The depth of field (focal tolerance), in turn, specifies the area in that laser mean that is optimally focused. The longer the focal distance, the longer the depth of field. This means that the depth of field of a 5 inch lens will be about twice as long for a 2.5 inch lens. For this reason, the cutting edge of thicker materials will turn out straighter when a 5 inch lens is used than when a 2.5 inch lens is used.
At the same time, the laser beam diameter will be greater the longer the focal distance is (for a 5.0 inch lens approximately twice as big as for a 2.5 inch lens). As a result, the energy of the laser (wattage) will be distributed onto a larger surface. Consequently, less power (here in the form of heat) per surface area will be applied. The use of a lens with a greater focal distance can therefore be advantageous for materials that react sensitively to heat (.e.g laminates). The greater focal diameter means a greater line width. Filling lines can therefore be cut with the laser at a greater distance and therefore faster.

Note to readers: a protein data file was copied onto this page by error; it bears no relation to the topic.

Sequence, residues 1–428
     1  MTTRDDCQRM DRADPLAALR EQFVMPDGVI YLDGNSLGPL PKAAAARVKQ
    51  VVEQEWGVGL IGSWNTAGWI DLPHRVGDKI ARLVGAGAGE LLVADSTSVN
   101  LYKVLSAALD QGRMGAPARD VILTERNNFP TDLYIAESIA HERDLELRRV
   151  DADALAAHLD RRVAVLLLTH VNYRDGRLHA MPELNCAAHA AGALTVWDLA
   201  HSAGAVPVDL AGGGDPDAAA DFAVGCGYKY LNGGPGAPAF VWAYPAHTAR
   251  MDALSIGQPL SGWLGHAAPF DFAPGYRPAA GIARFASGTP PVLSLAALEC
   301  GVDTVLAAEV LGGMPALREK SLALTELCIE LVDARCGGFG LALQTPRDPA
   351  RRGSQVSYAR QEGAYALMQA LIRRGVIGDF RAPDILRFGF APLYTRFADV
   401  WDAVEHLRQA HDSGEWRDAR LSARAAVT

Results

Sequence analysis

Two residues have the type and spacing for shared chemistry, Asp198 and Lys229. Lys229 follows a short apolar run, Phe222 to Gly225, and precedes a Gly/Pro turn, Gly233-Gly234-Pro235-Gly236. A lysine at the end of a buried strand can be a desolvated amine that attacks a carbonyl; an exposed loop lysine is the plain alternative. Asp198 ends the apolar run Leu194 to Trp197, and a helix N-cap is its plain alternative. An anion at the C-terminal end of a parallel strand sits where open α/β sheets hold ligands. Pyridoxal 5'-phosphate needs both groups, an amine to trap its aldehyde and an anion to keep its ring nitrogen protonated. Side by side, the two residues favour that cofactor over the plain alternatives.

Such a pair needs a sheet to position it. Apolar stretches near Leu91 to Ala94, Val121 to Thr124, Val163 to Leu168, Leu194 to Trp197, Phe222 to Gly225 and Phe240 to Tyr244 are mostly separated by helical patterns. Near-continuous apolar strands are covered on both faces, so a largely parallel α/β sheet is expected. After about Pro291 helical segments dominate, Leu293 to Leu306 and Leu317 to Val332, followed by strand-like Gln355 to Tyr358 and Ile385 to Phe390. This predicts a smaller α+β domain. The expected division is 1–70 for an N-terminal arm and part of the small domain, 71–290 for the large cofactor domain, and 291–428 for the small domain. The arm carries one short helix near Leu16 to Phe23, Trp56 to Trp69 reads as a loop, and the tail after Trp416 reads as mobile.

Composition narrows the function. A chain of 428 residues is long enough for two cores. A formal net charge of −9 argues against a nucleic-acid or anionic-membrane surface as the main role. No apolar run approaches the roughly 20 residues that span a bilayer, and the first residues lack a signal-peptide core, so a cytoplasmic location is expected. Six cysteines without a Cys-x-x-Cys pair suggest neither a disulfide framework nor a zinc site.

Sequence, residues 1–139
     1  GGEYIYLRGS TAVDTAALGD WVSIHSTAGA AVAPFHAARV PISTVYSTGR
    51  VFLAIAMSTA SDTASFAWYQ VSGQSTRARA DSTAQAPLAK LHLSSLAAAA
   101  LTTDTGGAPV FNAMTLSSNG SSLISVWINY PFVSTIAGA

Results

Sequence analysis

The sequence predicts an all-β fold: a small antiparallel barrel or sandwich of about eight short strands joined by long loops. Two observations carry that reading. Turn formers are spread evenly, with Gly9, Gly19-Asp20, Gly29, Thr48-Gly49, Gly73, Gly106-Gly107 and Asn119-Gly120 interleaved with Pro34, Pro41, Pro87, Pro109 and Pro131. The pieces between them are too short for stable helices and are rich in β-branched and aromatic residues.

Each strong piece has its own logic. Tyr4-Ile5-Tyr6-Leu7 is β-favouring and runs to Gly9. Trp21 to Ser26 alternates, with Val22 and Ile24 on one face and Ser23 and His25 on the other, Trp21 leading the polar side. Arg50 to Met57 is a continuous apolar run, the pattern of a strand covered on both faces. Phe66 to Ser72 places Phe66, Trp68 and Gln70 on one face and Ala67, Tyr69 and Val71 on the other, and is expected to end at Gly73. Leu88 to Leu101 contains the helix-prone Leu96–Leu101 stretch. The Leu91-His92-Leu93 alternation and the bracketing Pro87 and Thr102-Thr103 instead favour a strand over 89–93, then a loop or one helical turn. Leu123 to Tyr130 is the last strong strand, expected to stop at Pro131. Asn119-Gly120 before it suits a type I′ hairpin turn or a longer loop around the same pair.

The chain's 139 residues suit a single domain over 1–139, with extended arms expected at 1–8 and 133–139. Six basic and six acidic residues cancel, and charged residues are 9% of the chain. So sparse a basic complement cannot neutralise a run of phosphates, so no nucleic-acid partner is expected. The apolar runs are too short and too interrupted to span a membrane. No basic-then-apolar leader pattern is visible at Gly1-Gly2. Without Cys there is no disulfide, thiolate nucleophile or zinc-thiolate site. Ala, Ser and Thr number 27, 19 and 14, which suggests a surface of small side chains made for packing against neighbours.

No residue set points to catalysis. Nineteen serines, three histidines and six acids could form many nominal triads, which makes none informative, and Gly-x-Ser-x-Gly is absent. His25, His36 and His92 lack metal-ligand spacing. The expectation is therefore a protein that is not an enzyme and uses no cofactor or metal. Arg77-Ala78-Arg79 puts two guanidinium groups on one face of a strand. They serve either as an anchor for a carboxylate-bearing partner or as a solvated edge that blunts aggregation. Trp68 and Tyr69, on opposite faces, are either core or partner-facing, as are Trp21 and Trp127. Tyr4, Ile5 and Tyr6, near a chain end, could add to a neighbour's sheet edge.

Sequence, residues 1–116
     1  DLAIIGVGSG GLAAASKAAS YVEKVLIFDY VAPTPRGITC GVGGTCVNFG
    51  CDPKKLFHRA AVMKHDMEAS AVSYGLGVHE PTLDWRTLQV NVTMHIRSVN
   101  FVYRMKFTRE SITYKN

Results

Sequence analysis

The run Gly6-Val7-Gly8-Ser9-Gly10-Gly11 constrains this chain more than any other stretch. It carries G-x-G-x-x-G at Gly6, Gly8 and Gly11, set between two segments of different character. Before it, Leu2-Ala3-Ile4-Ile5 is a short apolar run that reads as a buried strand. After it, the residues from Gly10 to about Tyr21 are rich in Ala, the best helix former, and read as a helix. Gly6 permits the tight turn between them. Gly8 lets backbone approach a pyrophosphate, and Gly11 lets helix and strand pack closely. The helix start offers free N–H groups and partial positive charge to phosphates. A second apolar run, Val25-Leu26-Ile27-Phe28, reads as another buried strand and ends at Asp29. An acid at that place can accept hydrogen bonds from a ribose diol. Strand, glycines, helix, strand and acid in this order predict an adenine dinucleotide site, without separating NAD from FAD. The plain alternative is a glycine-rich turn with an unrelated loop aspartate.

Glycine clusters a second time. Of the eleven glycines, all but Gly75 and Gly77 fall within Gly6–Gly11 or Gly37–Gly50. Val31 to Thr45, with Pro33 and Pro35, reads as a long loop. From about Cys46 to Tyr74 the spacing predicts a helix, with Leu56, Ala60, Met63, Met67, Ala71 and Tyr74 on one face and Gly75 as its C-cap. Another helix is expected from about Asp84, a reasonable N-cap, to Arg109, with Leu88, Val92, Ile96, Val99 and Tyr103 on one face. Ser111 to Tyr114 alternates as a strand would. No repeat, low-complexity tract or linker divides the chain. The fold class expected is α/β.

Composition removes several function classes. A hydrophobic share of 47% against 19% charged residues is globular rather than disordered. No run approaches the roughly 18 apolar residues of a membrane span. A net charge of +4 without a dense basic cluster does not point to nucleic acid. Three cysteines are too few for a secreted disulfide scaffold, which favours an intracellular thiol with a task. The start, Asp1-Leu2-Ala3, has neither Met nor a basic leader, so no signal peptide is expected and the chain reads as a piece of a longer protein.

The table below gives you a general overview of the various areas of use. However, you should tailor this information to your specific application.